Government tells pharmacies refusing to sell morning-after pill they could face stiff fines or closure. … Read the rest
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Wahhabi and Salafist ideas are spread globally through online fatwas, conferences, lectures, cheap booklets.… Read the rest
In 1748 the great Scottish philosopher, David Hume, first published his “lemon test” concerning miracles. It goes like this: “No testimony is sufficient to establish a miracle unless the testimony be of such a kind that its falsehood would be even more miraculous than the fact which it endeavors to establish…” Hume concludes his point by saying:
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When anyone tells me, that he saw a dead man restored to life, I immediately consider with myself, whether it be more probable, that this person should either deceive or be deceived, or that the fact, which he relates, should really have happened. I weigh the one miracle against the other; and according to the superiority, which I discover, I pronounce my decision,
Okay what about dear Saudi Arabia with whom we share all these ‘values’? What about all these ‘values’ that we share? Which ones are those then? People are asking.
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As Gordon Brown faced mounting criticism yesterday over the state visit of King Abdullah of Saudi Arabia, the Foreign Office minister Kim Howells called for Britain and the Saudi monarchy to work more closely together on a basis of “shared values”…The statement by Mr Howells drew an angry reaction from the Labour backbenches. “I am astounded that a government minister can identify shared values with a regime that is world-renowned for its abuse of human rights and civil liberties,” said John McDonnell, the left-wing MP co-ordinating protests at the Saudi
From Tea, in comments on ‘Contemplative wonder is doomed, doomed, I tell you’.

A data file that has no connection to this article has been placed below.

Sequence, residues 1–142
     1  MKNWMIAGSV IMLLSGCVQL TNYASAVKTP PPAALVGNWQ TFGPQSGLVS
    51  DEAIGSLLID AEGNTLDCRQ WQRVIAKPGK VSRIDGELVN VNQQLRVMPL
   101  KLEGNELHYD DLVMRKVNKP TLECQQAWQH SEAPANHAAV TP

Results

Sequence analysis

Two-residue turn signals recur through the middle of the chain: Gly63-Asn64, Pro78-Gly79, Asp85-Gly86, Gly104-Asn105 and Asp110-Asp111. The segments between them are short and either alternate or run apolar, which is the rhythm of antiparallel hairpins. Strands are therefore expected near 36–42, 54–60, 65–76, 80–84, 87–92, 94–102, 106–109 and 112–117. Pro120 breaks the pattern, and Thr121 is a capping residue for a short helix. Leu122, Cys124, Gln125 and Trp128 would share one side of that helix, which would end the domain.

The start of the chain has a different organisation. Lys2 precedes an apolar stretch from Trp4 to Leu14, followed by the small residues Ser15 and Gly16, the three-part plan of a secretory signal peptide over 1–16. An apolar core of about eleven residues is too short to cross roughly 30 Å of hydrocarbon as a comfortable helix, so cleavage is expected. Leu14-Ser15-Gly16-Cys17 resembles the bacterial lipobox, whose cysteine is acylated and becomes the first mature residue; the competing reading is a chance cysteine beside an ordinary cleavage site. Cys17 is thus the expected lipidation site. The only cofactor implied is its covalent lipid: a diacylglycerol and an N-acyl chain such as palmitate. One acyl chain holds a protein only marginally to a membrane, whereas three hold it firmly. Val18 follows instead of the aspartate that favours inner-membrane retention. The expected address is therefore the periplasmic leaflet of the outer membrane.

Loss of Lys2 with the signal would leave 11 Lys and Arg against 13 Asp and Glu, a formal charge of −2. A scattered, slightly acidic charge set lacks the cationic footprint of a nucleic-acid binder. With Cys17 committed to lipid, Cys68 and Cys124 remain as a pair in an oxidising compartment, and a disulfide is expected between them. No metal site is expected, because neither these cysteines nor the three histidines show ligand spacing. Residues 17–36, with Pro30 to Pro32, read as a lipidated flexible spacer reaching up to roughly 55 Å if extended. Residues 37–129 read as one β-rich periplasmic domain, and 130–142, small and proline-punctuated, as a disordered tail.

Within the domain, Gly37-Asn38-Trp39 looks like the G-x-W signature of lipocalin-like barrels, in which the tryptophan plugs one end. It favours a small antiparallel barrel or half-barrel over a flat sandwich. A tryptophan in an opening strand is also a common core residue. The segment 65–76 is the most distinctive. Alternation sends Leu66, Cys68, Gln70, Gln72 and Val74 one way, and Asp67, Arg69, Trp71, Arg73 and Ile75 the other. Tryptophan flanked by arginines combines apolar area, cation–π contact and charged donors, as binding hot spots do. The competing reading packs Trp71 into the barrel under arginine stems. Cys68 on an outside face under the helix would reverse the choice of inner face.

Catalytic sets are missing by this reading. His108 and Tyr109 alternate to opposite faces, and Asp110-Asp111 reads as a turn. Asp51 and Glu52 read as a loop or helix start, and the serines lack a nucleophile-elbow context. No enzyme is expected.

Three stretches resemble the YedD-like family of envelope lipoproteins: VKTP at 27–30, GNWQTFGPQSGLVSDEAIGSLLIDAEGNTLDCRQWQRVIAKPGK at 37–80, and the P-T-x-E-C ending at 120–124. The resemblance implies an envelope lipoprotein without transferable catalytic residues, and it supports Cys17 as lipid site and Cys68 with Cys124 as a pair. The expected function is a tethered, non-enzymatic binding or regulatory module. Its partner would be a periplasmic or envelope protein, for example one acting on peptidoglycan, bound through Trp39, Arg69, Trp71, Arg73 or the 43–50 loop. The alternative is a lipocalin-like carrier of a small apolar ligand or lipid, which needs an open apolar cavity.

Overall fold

I went to the Baltimore aquarium last week, and I saw a most amazing species of fish (whose name I unfortunately don’t remember at all). It took me a while to actually see it: the tank looked like it contained nothing but water and some algae-covered rocks. An employee approached me and asked me if I can see the fish. “No”, I replied. “It’s right here”, he said, pointing his finger at a rock. “Where?” “Right here.” I just couldn’t see it – until I noticed that the rock blinked at me slightly with its big black eye. It was truly amazing – I still couldn’t tell … Read the rest
A collection of articles.… Read the rest
Sunny Hundal notes lack of media coverage in both India and the UK.… Read the rest
An application of spam-fighting algorithms to the problem of stupidity.… Read the rest
Surpassing of religion through release of the powers of imagination, which re-invented the world.… Read the rest
Saudi human rights record less than stellar.… Read the rest
The desire to understand is every bit as much a human given as is our wonder at the world.… Read the rest
I’m told by more than one witness that Mark Vernon is a nice guy (and I don’t doubt it) – but he does talk the most godawful crap.
Do you need to be religious to truly experience wonder at the world? This question lurks behind much of the ongoing debate about atheism. If everything can be explained by science, what is worthy of awe?
That’s a ridiculous question, and also a sinister one. It’s ridiculous because of its gormless assumption that explanation is for some reason inimical to awe. But why should it be? Think of the first atomic bomb, dropped in the desert at Alomogordo. The physicists and engineers watching knew how it worked, obviously; they could explain … Read the rest
‘There is no doubt that she makes a fortune saying very serious, cruel, show-stopping things to people in distress.’… Read the rest
Scientific knowledge must be limited or else it will ‘erode the capacity for contemplative wonder.’… Read the rest
Franco side only, of course; cites ‘reconciliation.’… Read the rest
The Society of Homeopaths promises to provide ‘fascinating insights’ for World Aids Day.… Read the rest
The Srebrenica massacre cast a shadow on the viability of international law and organizations. … Read the rest
The state spends over Rs.50 million annually on Hindu rituals, including slaughter of birds and animals.… Read the rest
Every morning, the bell rings. It’s not my cell-phone alarm nor the siren broadcast by big mansions for the periodical shifting of laborers. The bell rings everyday and I am hearing it for the last twenty-eight years (apart from a few odd days). It’s evident that millions of Hindus throughout the world hear these bell-echoes every day in the early morning. The frequency of this bell must have been raised exponentially these days as the Hindu’s greatest festival Dashain has finished recently.
Being a Hindu by birth and a secular humanist by thought, I am always at a cross-roads in shaping myself into the proper track with regard to atheism and theism. The trail is muddy and complicated, but I … Read the rest